Our liquidity and financial condition could be materially and adversely affected if, under our current bank credit agreement, our ability to borrow money from our existing lender to finance our operations is reduced or eliminated. Similar adverse effects may also result if we realize lessened credit availability from trade creditors. Additionally, many of our customers require availability of financing to facilitate the purchase of our products. As a result, a continuing period of reduced credit availability in the marketplace could have adverse effects on our business.

 

The market for our common stock is limited, and as such our shareholders may have difficulty reselling their shares when desired or at attractive market prices.

 

Our stock price and our listing may make it more difficult for our shareholders to resell shares when desired or at attractive prices. In 2001, our stock began trading on The Over the Counter Bulletin Board (“OTC Bulletin Board”). Nevertheless, our common stock has continued to trade in low volumes and at low prices. Some investors view low-priced stocks as unduly speculative and therefore not appropriate candidates for investment. Many institutional investors have internal policies prohibiting the purchase or maintenance of positions in low-priced stocks. This has the effect of limiting the pool of potential purchases of our common stock at present price levels. Shareholders may find greater percentage spreads between bid and asked prices, and more difficulty in completing transactions and higher transaction costs when buying or selling our common stock than they would if our stock were listed on a major stock exchange, such as The New York Stock Exchange or The Nasdaq National Market.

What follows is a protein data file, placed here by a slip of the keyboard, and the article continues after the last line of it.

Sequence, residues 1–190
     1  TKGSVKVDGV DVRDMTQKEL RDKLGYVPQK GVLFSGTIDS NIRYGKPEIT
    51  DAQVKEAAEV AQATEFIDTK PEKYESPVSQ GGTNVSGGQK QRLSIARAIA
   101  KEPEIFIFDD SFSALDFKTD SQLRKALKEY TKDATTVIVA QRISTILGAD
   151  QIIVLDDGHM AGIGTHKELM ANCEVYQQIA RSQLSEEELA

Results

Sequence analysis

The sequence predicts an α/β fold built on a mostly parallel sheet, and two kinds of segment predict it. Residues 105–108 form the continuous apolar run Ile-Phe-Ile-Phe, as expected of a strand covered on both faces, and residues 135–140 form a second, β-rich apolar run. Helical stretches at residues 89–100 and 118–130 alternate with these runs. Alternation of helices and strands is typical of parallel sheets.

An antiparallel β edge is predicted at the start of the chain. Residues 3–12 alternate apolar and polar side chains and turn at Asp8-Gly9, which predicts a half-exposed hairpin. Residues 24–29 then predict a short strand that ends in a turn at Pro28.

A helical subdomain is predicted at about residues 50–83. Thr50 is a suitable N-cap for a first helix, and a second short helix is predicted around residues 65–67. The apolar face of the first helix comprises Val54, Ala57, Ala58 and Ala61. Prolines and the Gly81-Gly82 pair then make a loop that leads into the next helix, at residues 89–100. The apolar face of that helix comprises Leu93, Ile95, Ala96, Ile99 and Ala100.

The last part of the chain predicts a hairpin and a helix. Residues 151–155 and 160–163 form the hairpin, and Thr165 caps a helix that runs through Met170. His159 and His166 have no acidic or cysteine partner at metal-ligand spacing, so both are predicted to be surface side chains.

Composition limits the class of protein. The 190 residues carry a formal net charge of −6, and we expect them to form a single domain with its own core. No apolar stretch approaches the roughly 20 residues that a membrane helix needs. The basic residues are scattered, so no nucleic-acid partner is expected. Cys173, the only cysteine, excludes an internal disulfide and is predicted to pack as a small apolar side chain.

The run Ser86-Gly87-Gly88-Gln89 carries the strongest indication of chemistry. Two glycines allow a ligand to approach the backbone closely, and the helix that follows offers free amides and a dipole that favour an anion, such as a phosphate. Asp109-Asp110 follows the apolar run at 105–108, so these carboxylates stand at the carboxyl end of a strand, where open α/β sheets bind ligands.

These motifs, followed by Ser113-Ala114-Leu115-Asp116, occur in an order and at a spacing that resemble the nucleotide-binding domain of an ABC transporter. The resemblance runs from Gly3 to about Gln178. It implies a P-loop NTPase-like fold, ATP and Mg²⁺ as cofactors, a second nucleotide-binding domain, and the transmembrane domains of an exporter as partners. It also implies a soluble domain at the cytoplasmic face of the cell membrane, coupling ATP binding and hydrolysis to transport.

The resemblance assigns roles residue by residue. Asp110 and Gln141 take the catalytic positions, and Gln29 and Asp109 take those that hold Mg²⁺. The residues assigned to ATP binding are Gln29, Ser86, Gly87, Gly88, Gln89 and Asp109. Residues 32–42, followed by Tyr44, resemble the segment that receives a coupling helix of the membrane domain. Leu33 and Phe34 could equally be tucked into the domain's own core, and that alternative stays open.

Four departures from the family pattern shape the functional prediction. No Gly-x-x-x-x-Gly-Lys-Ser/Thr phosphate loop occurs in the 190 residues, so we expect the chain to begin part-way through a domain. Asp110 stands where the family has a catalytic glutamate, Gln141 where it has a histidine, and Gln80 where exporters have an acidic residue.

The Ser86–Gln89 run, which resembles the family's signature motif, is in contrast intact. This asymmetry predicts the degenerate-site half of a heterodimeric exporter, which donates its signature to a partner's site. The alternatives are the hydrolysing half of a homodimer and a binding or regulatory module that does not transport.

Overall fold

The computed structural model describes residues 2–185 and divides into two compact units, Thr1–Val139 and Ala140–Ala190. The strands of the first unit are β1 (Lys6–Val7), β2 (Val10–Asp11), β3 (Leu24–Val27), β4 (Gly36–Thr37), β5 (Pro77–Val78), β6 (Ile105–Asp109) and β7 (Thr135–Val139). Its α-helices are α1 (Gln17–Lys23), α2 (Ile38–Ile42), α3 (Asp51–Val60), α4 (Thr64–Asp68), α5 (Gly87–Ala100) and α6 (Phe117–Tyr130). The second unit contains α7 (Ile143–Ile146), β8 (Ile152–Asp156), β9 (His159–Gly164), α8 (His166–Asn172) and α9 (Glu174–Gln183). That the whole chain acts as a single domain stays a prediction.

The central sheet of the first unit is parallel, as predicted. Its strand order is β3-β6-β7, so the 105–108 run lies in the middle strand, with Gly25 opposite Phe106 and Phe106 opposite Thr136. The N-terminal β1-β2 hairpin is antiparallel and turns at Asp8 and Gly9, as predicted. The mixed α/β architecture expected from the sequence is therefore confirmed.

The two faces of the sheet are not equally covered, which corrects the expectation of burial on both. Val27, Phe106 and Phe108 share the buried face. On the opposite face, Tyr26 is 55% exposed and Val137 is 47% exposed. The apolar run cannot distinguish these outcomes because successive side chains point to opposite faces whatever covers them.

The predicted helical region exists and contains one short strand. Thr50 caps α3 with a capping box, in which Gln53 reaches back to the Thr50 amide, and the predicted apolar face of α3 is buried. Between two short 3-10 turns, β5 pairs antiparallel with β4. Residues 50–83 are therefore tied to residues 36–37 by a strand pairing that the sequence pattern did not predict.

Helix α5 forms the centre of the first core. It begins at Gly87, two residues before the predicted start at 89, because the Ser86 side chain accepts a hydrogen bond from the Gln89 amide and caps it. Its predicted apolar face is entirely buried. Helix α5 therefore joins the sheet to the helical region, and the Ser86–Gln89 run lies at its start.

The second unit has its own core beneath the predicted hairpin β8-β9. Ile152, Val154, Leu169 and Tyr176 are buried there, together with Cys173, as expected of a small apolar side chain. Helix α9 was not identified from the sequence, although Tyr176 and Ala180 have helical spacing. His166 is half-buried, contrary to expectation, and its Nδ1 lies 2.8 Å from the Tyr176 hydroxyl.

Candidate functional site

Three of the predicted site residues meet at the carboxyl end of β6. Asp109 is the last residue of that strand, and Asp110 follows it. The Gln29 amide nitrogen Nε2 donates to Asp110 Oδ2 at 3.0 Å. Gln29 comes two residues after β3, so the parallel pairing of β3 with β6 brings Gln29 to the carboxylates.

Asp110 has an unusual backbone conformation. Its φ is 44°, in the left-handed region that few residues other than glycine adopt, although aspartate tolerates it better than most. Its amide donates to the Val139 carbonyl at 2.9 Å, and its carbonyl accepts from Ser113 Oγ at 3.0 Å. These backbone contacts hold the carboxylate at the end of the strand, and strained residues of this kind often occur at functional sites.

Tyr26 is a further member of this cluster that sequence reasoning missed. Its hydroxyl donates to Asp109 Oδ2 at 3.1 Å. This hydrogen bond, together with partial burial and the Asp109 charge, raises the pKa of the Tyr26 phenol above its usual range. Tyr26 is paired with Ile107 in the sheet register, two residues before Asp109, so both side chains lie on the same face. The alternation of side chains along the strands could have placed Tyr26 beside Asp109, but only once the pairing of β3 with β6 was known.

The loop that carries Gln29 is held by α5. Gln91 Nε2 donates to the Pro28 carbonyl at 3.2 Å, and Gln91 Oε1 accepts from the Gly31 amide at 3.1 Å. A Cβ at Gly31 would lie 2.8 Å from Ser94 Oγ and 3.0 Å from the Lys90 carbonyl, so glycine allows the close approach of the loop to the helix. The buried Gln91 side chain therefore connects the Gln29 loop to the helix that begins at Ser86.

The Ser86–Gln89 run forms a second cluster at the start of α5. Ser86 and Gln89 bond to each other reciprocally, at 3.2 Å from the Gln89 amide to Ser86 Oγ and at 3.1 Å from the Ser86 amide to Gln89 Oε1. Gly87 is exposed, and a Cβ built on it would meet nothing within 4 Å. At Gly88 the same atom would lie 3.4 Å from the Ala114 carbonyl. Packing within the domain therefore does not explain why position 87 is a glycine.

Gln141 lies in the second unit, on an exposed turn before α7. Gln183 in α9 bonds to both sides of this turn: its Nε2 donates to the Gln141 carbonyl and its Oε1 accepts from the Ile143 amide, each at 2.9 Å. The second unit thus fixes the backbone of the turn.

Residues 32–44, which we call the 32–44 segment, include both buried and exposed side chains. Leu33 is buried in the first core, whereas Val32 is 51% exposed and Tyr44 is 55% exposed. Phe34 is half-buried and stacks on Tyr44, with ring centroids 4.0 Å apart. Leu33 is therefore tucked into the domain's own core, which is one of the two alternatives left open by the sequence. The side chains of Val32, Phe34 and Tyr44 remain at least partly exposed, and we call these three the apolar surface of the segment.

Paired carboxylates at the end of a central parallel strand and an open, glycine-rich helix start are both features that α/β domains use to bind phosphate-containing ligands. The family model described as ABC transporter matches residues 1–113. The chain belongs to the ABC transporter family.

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Our common stock has been subject to the Securities and Exchange Commission’s “penny stock” regulations, which may limit the liquidity of common stock held by our shareholders .

 

At the present time, common stock trades on the OTC Markets under the symbol “OTCQB:SCIA.” Our common stock trades on the OTC Bulletin Board. Based on its trading price, our common stock is considered a “penny stock” for purposes of federal securities laws, and therefore has been subject to regulations, which affected the ability of broker-dealers to sell our securities. Broker-dealers who recommend a “penny stock” to persons (other than established customers and accredited investors) must make a special written suitability determination and receive the purchaser’s written agreement to a transaction prior to sale.

 

If penny stock regulations apply to our common stock, it may be difficult to trade the stock because compliance with the regulations can delay and/or preclude certain trading transactions. Broker-dealers may be discouraged from effecting transactions in common stock because of the sales practice and disclosure requirements for penny stock. This could adversely affect the liquidity and/or price of our common stock, and impede the sale of the common stock in the secondary market.

 

Our Articles of Incorporation authorize us to issue additional shares of stock.

 

We are authorized to issue up to 15,000,000 shares of common stock, which may be issued by our board of directors for such consideration, as they may consider sufficient without seeking shareholder approval. The issuance of additional shares of common stock in the future may reduce the proportionate ownership and voting power of current shareholders.